So, these two novels will go back in the book drop bin this morning after dropping off Charlie on his last day of science day camp.He has been having such a grand time building things, making new friends, and taking things apart that he has said, "Thank you Mommy for signing me up for science camp," every afternoon after I have picked him up. Maggie has also been at camp again this week and was even on the TV news a few days ago (look for the pink hat). I wouldn't have known a thing about it, but the librarian mentioned it and pulled it up on her computer so we could watch her dance and sing, practicing for the big show next weekend.

Monday, July 09, 2012

product endorsement

Up here in Maine we have two seasons: snow season and bug season. The first flying critters out to eat you are black flies, which leave bloody welts on the neck and head. They usually last until about Father's Day, when the deer flies and mosquitoes appear. Deer flies are nasty critters who circle the head in an attempt to drive a person insane and then land on the back of the arm for a nasty bite. The only respite from all these bugs is the first frost in early October. While Maine summers are lovely and much enjoyed, there is one thing to be said for the colder months: there aren't any bugs.  

 A few weeks ago I was at the local hardware store and noticed a product near the register specifically to address this problem called Deer Fly Strips. Made by a local, this super sticky strip of what looks like packing tape has pheromones sprayed on it to attract the pests to come a little closer. Once their wings or feet touch the glue, they are stuck. In just a few hours of wearing my hat in the garden and on the front porch, I had collected 7 deer flies on the back of my hat, all frantically buzzing in an attempt to become free. Since all they wanted to do was take a chunk out of my skin, I felt no pity for the creatures. Perhaps I sound a little callous, but St. Francis never lived in Maine and saw his 3 year old's neck covered in welts from "Brother bug". I've gone back to the house to collect my hat to work in the garden and look forward to wearing it for a trail hike planned later this week. It is a little gruesome seeing out baseball hats in a a row with carcasses stuck all over,but it sure does make going outside in Maine during the summer a lot more pleasant.  

Saturday, July 07, 2012

reason # 567

Yesterday I stopped by the fish market to pick up a haddock and scallop casserole for supper followed by the grocery store for dessert. My total at Hannaford came to $17.76.

"How appropriate," I said. 
The cashier, a young woman said, "Huh?"
"The total bill, how appropriate that it is 1776." She still looked at me like I had 2 heads. 
"You know, the Declaration of Independence, the 4th of July," I explained.
"Oh, I never knew the year or anything," was her reply. 
And then it just slipped out, "You went to public school, didn't you?"
"Yeah, Hampden Academy."
"And that is why I homeschool my kids," I replied before I gathered up my bags and walked out.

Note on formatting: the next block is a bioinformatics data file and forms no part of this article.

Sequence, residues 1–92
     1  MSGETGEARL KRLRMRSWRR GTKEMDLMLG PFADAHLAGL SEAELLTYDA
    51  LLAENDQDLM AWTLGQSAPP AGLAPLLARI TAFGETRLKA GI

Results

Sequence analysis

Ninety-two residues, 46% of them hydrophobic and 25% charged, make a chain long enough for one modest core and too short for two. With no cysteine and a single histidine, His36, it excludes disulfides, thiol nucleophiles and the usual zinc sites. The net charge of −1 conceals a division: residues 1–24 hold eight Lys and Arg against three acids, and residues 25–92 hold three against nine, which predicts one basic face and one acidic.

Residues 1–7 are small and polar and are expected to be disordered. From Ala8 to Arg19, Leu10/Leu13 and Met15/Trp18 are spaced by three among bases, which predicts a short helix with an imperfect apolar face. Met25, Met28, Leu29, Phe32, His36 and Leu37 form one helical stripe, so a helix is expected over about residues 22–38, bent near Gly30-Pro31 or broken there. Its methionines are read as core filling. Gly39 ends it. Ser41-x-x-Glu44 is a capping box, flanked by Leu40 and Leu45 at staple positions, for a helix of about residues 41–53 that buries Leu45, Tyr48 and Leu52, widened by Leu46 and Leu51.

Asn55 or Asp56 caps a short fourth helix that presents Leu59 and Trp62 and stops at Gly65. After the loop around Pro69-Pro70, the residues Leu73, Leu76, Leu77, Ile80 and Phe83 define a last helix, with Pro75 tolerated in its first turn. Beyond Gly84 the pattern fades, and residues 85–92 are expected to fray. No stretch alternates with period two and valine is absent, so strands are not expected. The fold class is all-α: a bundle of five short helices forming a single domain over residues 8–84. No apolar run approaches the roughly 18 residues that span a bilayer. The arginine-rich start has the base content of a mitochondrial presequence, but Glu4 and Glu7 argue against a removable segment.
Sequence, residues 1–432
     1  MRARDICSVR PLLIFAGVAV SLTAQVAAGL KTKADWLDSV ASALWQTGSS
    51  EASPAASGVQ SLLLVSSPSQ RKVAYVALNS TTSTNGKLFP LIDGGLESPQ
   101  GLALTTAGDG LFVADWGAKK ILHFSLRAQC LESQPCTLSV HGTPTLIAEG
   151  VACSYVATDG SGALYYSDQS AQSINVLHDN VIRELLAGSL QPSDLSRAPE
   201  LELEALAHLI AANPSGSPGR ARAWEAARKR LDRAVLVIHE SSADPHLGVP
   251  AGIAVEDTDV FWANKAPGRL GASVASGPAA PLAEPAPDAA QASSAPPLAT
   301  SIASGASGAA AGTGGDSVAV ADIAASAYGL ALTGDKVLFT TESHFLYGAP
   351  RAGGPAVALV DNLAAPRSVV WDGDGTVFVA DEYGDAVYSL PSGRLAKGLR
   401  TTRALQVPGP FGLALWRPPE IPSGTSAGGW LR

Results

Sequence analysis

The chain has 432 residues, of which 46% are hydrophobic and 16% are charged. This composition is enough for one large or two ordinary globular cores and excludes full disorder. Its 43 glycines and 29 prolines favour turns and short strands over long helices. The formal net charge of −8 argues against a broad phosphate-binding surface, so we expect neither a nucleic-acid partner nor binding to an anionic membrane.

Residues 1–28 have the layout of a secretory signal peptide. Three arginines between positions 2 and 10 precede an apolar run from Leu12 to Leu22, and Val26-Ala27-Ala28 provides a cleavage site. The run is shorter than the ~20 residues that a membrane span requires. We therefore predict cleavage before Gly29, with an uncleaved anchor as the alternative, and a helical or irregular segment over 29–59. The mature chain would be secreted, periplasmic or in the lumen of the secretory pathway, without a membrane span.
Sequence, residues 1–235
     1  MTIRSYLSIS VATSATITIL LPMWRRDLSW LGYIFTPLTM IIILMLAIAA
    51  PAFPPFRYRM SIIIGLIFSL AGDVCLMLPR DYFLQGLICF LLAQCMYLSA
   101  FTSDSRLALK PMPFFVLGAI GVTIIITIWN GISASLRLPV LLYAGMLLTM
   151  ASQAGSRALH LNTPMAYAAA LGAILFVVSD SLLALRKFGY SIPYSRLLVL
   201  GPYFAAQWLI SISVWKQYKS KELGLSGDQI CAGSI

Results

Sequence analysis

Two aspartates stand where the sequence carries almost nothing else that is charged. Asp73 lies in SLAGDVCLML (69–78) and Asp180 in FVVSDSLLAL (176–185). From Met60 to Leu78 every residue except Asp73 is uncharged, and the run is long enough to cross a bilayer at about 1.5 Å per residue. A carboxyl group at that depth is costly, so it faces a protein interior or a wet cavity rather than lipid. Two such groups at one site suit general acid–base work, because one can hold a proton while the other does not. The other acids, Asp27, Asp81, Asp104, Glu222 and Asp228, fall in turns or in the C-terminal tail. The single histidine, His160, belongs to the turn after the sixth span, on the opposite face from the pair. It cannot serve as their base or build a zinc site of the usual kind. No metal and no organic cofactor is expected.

Too harsh, I'm sure. But I'll move hell and high water before I send my kids to a school where graduates don't know the date of the birthday of our nation.  

Wednesday, July 04, 2012

Walter Hunt 3K

Up here in Maine, the 4th of July means parades, picnics, trips to the lake, fireworks in the backyard (now that they are legal, thank you Gov. LePage) or in town, and the annual race between Brewer and Bangor just before the parade. I took Mary, Maggie, and Charlie to compete and with my hip still a little sore (I figured out that it was from changing chairs in front of my sewing machine making my body do some weird contortion to step on the foot pedal, a true quilting injury) I wasn't expecting much performance-wise. I ran the first mile in 5:58, finishing in 12:02, 17 seconds faster than last year, but another middle-age lady passed me in the last 10 seconds, so I didn't win my age bracket. The kids didn't do so hot, Charlie even got sick during the last portion of the race. We did get to see the entire parade while walking back to the car. The rest of the afternoon will be spent resting followed by corn and watermelon for dinner and at dusk fireworks in the front yard. 

Bangor Daily News article about race, my finish is at 2:24 on the video. 

Tuesday, July 03, 2012

gardening fail

To say that I'm disappointed by Fedco seeds is an understatement. I thought I was being efficient by purchasing all my garden plants from the same place, but while I was happy with the quality of their trees, raspberries, potatoes, onions, and asparagus I bought this spring, about half the seeds I bought were defective. Only a few of the flower seeds I started in little pots sprouted and none of their broccoli, sunflower, or corn came up, even after planting new seed after it was evident the first sowing didn't sprout. Many of the pumpkin seeds didn't sprout either and it being the beginning of July, it is too late to buy seed from another source and start again. 

Luckily we do have plenty of carrots, broccoli (Burpee), onions, potatoes, tomatoes, green beans, cucumbers, and lettuce. Instead of being able to eat sweet corn 10 minutes after picking and being able to put bags and bags of pureed pumpkin in my freezer, I'll have to buy both vegetables from the farmer's market. Next winter I will buy some more raspberry plants and fruit trees from Fedco, I'll go back to buying my seed from Johnny's Select Seeds, a Maine company with a sterling reputation.